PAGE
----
Sequel to the Easter Bunny (Valley of the Old Gods #2) Read Online Dalia Davies

Categories Genre: Fantasy/Sci-fi, Paranormal, Romance Tags Authors: Series: Valley of the Old Gods Series by Dalia Davies

Total pages in book: 71
Estimated words: 69830 (not accurate)
Estimated Reading Time in minutes: 349(@200wpm)___ 279(@250wpm)___ 233(@300wpm)

Old gods play their games & mortals lose.
I made my bargain with the god of spring, but the Power only works in the mortal realm… it can’t protect me from summer’s cruel vengeance.
To prove my worth, I’ll play her games.
To keep my Easter Bunny, I’d sacrifice anything but the child I’ve yet to bear.
To save my life, Jack will make any deal he has to.
Sex is the old gods’ favourite currency. I only hope their price is one I can pay.




It’s All in the Wording

Dusk paints the sky over the Valley a golden hue and I twist the egg pendant at my throat. Pinpricks of energy tingle between my skin and the metal.

This is what I wanted…

The Power and the responsibility—the freedom—that goes along with it.

Maybe I’m greedy.

Who could have guessed I’d want more?

It’s been a long month since I returned to the tower, to this world I’m now caretaker of.

And somehow… even surrounded by people, loneliness aches in my bones.

The Valley is quiet tonight.

From the balcony atop my tower, the bright lights of the city—my city—twinkle along the Valley’s length, beckoning me toward the white spire in the distance.

Below, people run about their nightly tasks. Or maybe they sit in their homes surrounded by their families. Wherever they are, they whisper.

I’ve heard them call me a goddess.

An ascendant deity.

If any of them understood what the actual gods were like… they might not think it a compliment.

Then again, some of them already know it isn’t.

I shiver, and it’s not from the breeze fluttering across my shoulders. The days creep nearer to summer and the heat steadily climbs.

Thirty metres below, a trio of children beat on a broken air con unit.

It’s too old to be worth repairing, but with a flick of my wrist, I give it a few more days of life and can’t help but smile as three cheers erupt from below.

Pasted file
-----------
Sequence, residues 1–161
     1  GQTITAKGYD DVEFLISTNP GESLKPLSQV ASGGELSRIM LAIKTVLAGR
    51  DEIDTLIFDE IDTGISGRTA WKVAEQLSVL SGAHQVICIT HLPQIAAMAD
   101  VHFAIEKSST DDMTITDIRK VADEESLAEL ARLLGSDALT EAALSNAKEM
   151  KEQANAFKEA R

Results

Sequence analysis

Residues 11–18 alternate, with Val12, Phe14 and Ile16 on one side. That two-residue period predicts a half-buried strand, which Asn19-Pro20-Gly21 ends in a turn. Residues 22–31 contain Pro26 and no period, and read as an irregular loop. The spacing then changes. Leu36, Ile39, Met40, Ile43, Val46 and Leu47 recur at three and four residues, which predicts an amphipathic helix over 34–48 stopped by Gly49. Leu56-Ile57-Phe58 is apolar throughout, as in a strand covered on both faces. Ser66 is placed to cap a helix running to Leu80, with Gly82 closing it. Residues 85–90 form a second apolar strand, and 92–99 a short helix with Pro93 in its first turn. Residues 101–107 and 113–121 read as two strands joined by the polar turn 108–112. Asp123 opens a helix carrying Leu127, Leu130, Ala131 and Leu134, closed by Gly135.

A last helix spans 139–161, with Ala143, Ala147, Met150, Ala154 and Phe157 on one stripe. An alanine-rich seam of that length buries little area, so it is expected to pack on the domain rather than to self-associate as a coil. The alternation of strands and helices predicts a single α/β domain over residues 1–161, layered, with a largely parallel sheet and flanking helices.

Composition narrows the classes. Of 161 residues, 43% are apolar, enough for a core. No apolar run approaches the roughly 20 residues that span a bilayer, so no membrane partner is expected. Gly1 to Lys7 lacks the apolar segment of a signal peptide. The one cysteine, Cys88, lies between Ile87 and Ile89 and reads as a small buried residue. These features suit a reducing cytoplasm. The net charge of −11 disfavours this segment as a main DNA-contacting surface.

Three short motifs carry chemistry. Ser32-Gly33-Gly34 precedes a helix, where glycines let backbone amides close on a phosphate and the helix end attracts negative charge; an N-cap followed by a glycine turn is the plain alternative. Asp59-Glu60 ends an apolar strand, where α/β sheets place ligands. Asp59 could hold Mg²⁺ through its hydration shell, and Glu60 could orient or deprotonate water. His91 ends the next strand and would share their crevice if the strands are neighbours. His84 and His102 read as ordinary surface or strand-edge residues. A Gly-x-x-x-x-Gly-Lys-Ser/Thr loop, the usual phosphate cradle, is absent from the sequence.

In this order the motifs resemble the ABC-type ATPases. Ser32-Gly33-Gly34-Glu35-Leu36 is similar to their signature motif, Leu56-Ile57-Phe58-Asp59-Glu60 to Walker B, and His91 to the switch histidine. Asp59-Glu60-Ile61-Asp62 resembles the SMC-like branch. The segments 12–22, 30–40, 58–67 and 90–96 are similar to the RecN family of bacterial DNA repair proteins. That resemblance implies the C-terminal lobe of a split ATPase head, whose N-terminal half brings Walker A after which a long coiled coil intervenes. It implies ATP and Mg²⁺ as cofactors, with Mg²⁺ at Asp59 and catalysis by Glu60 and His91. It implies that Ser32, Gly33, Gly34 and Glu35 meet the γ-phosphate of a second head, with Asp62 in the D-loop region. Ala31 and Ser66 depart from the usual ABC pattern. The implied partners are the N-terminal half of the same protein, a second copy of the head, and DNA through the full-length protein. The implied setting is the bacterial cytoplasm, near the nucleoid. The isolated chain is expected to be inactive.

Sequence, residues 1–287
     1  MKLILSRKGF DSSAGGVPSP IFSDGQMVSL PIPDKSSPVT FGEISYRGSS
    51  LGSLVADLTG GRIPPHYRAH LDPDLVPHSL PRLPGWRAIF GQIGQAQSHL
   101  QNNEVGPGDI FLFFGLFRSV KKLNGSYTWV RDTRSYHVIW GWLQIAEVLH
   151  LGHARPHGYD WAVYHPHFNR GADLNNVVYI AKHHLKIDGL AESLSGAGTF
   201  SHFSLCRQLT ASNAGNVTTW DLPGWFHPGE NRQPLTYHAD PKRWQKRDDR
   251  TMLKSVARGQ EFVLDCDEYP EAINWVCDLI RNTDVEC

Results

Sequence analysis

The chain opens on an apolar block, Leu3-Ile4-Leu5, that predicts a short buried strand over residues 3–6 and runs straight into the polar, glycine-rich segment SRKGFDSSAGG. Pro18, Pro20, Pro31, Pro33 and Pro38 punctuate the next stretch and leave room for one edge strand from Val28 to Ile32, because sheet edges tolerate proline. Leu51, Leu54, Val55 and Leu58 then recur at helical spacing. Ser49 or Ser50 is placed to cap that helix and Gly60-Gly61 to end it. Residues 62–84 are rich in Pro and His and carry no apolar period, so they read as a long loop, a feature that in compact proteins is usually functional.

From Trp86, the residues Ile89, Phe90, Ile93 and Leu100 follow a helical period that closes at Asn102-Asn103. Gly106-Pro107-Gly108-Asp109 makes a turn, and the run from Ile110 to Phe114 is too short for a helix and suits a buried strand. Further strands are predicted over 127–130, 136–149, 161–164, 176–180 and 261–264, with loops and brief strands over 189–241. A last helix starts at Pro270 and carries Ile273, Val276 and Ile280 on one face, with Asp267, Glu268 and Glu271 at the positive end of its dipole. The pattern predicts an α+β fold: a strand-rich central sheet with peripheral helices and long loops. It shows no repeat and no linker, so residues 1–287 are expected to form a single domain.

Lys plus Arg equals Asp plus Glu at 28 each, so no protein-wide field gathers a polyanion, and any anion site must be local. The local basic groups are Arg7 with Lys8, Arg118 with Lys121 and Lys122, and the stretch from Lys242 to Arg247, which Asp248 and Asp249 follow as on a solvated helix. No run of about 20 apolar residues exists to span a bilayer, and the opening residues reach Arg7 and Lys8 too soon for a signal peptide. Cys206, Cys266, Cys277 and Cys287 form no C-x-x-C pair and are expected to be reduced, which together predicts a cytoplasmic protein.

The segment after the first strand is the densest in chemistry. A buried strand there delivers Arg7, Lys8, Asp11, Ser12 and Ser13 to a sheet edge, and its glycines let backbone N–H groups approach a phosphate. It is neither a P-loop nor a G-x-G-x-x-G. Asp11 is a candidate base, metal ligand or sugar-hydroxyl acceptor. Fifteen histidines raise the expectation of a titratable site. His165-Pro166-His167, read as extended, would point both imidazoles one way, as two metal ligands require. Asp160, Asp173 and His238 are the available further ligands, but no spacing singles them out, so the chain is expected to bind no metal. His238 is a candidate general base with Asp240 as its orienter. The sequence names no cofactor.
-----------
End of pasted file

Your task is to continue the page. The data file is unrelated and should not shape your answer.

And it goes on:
They rush inside, no doubt thinking mechanical brutality got their desired result.

“Are you going to fix the city’s problems one piece of faulty equipment at a time?”

The soft voice that comes from behind me is bright, a happy respite from the growing concerns piling at my feet.

Jamus had ruled the Valley with neglect and disdain. Cleaning up his messes—so far—was easy for the Power, less so for my peace of mind.

“If I could solve them all with a single wave of my hand, I’d gladly do it.”

Ari leans on the balcony railing beside me, her eyes on the same spire I can’t look away from for long.

But she doesn’t linger on the old gods. “Anything else you need me to do today, boss?”

Her unnaturally white-blonde hair seems perpetually windblown. Falling around her shoulders like a waterfall, it reminds me of spun gold in this light, reflecting the dying day. She’s the kind of beautiful that’s disarming. Maybe that’s why I didn’t ask too many questions the day she showed up at my door and offered to help.

“I don’t think so.” Forcing myself to turn away from the spire, I look her in the eyes. They’re a blue that’s too pale to be the colour she was born with.

Everything about her feels like it should be cold, but she’s not.

There are plenty of people in my Valley who’ve encountered their own gods. Most of them come out the other side with some change or another. And Ari hasn’t yet told me about her time in their realm.

It isn’t hard to guess that it didn’t end well.

“Spend enough time looking at that spire,” she says with a tired smile, “and someone’s bound to take offence.”

“Do they watch us that closely?”

She hums something that could be an agreement and nods. “And it’s always the ones you want to ignore you that will pay the most attention.”

Ari knows enough about the gods to be just a little bit scary… and I haven’t even scratched the surface of that knowledge.

“I’m not sure why they care.” They’re happy enough to leave us to our own devices.

“Depends on who you ask. All the gods need us… but Ester’s the only one who really likes mortals. And even that’s a stretch.”

It’s hard to believe any of the gods’ stories come from them needing us. I turn back to the Valley. “Most of the people down there spent years with Jamus as their only day to day example of what the gods think of them.”

That’s what I’m working against.

“Jamus came from the child of Ester and Heim… and his god-father is….” She grimaces and shakes the thought away, drawing me back inside. “Between you and me, Klaus is not someone I would trust with my least favourite scarf, let alone my life. That sort of thing trickles down through the mortal line.”

“Sins of the father.” I look back toward the spire and draw in a long breath. “Is the god of winter as bad as they say?”